What Is the Role of a Mental Health Counselor?

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Mental Health Counselor

Many individuals are dealing with mental health issues. In fact, 26% of U.S. people are diagnosed with a mental health illness each year, making disorders like anxiety and depression common. Even moderate mental illness may have an effect on a person’s quality of life, emphasizing the crucial need of receiving adequate treatment and support. A mental health counselor can assist you in this situation.

A mental health counselor evaluates and treats mental and emotional health problems, interpersonal problems, and life obstacles. Counselors work with patients to make significant behavior changes using a variety of therapeutic techniques. They also provide coping skills for dealing with life’s difficulties.

“Counselors can provide support and guidance while also assisting in the identification of triggers, coping with negative emotions, and reducing symptoms in order to improve the individual’s quality of life,” says Aaron Sternlicht, a licensed mental health counselor in New York and co-founder of Family Addiction Specialist.

Counselors often specialize in certain areas. They are generally trained to assist persons with:

  • Anxiety \sDepression
  • Abuse of substances
  • Sexual impotence
  • Eating problems
  • Personality flaws
  • Dementia
  • Adjustment disorders caused by a big life event, such as divorce or the birth of a child

Persistent and repeated symptoms may indicate that it is time to seek expert assistance. If you’ve been experiencing any of the following symptoms for two weeks or longer, consider seeking help from a mental health counsellor:

  • Sleeping problems
  • Changes in appetite and weight
  • Having difficulty concentrating
  • Loss of enthusiasm for hobbies or activities
  • Inability to continue with everyday activities
  • Suicidal/self-harm thoughts

Requirements for Mental Health Counselors

Mental health counsellors must finish a master’s degree in counselling, which normally takes two years, before they may practise in their state. Students participate in supervised fieldwork as part of this curriculum.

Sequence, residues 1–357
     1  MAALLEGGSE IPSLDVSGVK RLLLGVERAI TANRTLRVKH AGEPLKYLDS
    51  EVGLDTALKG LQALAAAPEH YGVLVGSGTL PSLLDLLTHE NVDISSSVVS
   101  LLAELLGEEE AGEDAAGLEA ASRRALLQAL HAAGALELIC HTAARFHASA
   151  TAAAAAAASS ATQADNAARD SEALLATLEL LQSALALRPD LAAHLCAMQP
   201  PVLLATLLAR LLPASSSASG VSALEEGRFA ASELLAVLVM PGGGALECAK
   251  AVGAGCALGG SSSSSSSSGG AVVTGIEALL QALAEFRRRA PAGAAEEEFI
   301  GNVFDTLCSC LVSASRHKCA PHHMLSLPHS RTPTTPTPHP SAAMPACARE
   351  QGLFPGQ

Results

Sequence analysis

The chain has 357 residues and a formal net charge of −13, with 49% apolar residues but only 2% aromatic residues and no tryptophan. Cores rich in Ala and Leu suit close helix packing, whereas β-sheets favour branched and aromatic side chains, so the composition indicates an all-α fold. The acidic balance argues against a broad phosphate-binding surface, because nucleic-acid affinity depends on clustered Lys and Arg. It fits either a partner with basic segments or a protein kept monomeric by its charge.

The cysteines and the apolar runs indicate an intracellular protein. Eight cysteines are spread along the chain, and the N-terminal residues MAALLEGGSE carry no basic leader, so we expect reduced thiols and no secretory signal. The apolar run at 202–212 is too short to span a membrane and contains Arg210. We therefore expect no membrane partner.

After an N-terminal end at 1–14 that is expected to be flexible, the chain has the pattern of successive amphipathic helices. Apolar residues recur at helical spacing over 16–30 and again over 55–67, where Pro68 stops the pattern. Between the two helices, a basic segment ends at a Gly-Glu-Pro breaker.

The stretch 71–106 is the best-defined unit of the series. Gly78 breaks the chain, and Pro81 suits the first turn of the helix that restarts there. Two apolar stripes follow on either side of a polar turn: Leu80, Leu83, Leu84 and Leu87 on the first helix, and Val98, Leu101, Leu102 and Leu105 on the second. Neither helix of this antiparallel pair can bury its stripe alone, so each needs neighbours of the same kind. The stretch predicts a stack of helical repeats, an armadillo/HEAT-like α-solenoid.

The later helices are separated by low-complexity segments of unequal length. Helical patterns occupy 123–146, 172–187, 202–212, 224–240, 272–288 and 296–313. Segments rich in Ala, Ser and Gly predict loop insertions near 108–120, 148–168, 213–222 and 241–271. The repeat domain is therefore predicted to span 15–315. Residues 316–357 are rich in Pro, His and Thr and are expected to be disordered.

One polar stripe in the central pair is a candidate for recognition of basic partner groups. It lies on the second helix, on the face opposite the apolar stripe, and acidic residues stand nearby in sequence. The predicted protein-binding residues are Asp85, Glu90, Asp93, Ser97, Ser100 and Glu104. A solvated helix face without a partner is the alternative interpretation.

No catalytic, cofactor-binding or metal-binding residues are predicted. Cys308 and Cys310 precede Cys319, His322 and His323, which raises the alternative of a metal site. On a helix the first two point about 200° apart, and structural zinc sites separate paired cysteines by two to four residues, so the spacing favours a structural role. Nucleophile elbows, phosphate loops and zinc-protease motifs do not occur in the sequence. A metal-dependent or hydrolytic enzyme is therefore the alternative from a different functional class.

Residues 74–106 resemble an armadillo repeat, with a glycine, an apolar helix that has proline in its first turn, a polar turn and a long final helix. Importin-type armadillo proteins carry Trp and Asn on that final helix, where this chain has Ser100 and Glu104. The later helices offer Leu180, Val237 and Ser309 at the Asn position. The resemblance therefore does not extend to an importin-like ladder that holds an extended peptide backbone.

Therapist vs. Mental Health Counselor

Because they perform therapy, a variety of professions, including social workers, counsellors, psychologists, and marriage and family therapists, may still be labeled therapists at the state-licensed level.

However, although the terms mental health counselling and therapy are often used interchangeably, there are significant distinctions, according to Sternlicht.

A counsellor will be licenced as an L.M.H.C. (licenced mental health counsellor), L.C.S.W. (licenced clinical social worker), or L.P.C. (licenced professional counsellor) (licenced professional counselor). In contrast, a therapist will be given an L.M.F.T. (licensed marriage and family therapist).

“Generally, mental health treatment is shorter term and focused on resolving a particular, current issue,” he explains. A therapist, on the other hand, may utilise their sessions to investigate what Sternlicht refers to as “deeper underlying beliefs, emotions, and actions generated by unconscious difficulties and conflicts.”

Psychologist vs. Mental Health Counselor

Both mental health counsellors and psychologists must have a master’s degree and be licenced in their respective states to practise. Furthermore, psychologists often pursue a PhD in psychology.

While there is some overlap between the two positions, psychologists are more likely to treat with severe mental diseases and behavioural issues. A counsellor is typically concerned with overall wellbeing and talk therapy. Psychologists may be more concerned with scientifically assessing a client and resolving particular issues.

Psychiatrist vs. Mental Health Counselor

A mental health counsellor leads clients via different kinds of talk therapy to recovery. Patients must seek treatment from a qualified psychiatrist in order to get prescriptions for drugs to supplement therapy. Psychiatrists are trained to analyse and diagnose mental health illnesses so that they may prescribe appropriate medication and follow clients through therapy.

Mental Health Disorder StatisticsJohn Hopkins Medicine. Accessed 04/15/2021.